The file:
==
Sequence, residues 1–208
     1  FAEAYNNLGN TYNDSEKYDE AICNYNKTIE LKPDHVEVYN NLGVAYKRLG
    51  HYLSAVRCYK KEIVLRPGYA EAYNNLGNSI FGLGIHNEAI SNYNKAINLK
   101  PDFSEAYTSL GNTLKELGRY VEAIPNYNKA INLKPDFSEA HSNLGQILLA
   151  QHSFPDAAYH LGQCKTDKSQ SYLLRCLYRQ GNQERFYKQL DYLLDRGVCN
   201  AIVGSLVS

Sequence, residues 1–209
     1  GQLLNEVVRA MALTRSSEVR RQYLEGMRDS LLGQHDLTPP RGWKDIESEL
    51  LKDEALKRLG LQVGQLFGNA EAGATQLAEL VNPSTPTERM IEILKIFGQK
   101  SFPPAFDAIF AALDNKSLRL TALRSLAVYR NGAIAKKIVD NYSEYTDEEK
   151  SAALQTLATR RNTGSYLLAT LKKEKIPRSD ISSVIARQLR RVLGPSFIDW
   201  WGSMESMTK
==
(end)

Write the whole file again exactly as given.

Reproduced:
Sequence, residues 1–208
     1  FAEAYNNLGN TYNDSEKYDE AICNYNKTIE LKPDHVEVYN NLGVAYKRLG
    51  HYLSAVRCYK KEIVLRPGYA EAYNNLGNSI FGLGIHNEAI SNYNKAINLK
   101  PDFSEAYTSL GNTLKELGRY VEAIPNYNKA INLKPDFSEA HSNLGQILLA
   151  QHSFPDAAYH LGQCKTDKSQ SYLLRCLYRQ GNQERFYKQL DYLLDRGVCN
   201  AIVGSLVS

Sequence, residues 1–209
     1  GQLLNEVVRA MALTRSSEVR RQYLEGMRDS LLGQHDLTPP RGWKDIESEL
    51  LKDEALKRLG LQVGQLFGNA EAGATQLAEL VNPSTPTERM IEILKIFGQK
   101  SFPPAFDAIF AALDNKSLRL TALRSLAVYR NGAIAKKIVD NYSEYTDEEK
   151  SAALQTLATR RNTGSYLLAT LKKEKIPRSD ISSVIARQLR RVLGPSFIDW
   201  WGSMESMTK